I Miss the Rains Down in Africa

by Harriet Michael

Okay, I know. The real words to that song are “I bless the rains down in Africa” but personally, I miss the African rains and so many other things too! As some of you may have noticed, my blog posts often have some connection to Nigeria, the nation of my birth. I’m a Third Culture Kid—a person born and reared in a country different from her citizenship. Well, I actually had duel citizenship until I was 18 and had to choose. Of course, I chose the USA. That was the right choice, but I do miss so much that I left behind in Africa. Thanks for letting me tell you again about a place my heart loves.

Though travel to Nigeria today is not advised due to political dangers, such as Boko Harem and other sad realities, the country does have some incredible places, many tucked away forever in my memory.

There are beautiful rivers to see. The Niger, near where I was born, is a wild river. Swimming is not recommended due to the possibility of crocodile attacks. But it’s beautiful, just the same. My family crossed it in a large open canoe-type boat with wooden seats and a thatched roof when I was about 10. I remember sitting on that boat and thinking it was one of the most beautiful places I had ever seen in my short life. The first time I ever visited Disney World and rode The Jungle Cruise, I was taken back in a flash to that moment in my early life when I traveled the Niger.jungle cruise

The Ethiope is a different story. It’s tame and wonderful. Most all of my missionary kid friends have fond memories of swimming in the Ethiope. Here is how I described snorkeling there in a post on my personal blog a few years ago:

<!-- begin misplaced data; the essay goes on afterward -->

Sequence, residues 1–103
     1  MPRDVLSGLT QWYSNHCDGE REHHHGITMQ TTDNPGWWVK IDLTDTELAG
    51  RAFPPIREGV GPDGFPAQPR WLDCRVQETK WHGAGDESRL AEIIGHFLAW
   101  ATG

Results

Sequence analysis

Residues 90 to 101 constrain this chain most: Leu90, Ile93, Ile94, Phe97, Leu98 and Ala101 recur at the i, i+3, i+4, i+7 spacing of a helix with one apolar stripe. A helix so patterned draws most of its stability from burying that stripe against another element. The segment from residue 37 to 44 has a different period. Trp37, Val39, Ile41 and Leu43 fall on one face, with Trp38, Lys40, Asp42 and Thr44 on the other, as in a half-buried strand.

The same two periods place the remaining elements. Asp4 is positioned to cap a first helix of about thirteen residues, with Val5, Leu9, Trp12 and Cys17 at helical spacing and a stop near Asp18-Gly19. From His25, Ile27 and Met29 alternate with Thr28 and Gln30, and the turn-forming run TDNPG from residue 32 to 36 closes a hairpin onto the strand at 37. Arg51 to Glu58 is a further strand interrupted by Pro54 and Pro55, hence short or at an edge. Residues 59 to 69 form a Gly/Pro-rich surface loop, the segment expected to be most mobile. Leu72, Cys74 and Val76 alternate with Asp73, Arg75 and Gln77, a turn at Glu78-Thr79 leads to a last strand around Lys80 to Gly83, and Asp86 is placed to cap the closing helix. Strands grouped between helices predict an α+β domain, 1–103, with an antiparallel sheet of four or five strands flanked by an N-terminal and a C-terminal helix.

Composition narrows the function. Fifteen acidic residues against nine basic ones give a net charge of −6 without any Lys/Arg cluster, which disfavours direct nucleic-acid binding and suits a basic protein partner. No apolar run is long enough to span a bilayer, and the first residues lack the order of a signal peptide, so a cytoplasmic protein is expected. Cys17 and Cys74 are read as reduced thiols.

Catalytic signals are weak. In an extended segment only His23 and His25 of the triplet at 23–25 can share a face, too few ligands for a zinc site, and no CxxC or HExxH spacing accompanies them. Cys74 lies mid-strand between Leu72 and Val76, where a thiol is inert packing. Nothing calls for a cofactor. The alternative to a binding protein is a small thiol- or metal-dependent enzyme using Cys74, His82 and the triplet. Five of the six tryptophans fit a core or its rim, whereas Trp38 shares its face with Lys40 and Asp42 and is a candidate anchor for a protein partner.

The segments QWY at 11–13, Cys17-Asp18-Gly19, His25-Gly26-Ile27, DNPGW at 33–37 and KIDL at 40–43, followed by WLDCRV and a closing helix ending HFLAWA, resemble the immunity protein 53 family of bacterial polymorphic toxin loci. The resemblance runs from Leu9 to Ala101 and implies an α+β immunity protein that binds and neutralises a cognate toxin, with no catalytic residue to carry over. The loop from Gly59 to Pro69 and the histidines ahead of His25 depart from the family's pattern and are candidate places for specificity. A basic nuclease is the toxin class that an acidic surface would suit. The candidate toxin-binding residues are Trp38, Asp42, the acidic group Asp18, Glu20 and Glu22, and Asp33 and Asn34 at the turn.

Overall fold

“The place we entered was only about a five-minute swim from the pier, but it seemed to take forever to get there. First we drove for a while, then walked a small path for what seemed like a long time. Finally, we came to the river. From the bank we could see the other side. Even to a child it did not look too far to swim. My dad put goggles, flippers, and a snorkel on me. Another missionary went in first, then me, and my dad behind me. What happened next was like entering into a world of wonder—one of the most amazing experiences of my life.

What appeared to me to be a short, easy swim to the other bank suddenly seemed wild, challenging, exciting, and even scary. As I kept my eyes under the water, in an instant I saw the ground below me drop what seemed to be a mile. I don’t really know how deep it was but it was clear to my child’s eyes that it was deeper than anyplace I’d ever been before. It was over my head and my dad’s by a long shot! It felt like I was swimming from the top of one underwater mountain to another, as I swam from that shore line to a sand dune a short distance away. The river floor below was alive too! There was grass swaying and fish swimming everywhere. I understood why my dad wanted to be behind me and didn’t want me swimming this part of the river by myself. And I was really glad he was there!

Very soon the three of us were on the sand dune resting. I sat in utter amazement and wonder at what I had just seen. Then we set out again and swam to the pier which seemed to be just around the corner. The river floor below me in this part was much more shallow, brown in color from the sand, less green and not so alive.”

Eku River

This is an actual picture of the Ethiope River shared with me by a childhood friend who grew up in Eku, very near the river.

Another place I fondly recall from my childhood is the warm springs in Ikogosi. The mission had a retreat there when I was a child. The place was managed by missionaries, John and Doris Mcgee, and the beautiful chapel on the grounds was designed by missionary Wilfred Congdon. Even as a child, the warm water had been diverted in part, so as to gather in a swimming pool but flow out again so it would not become stagnant. Today, it is a resort. The pictures from the website show much development, but the chapel still stands. http://www.ikogosiresort.net/ Ikogisi chape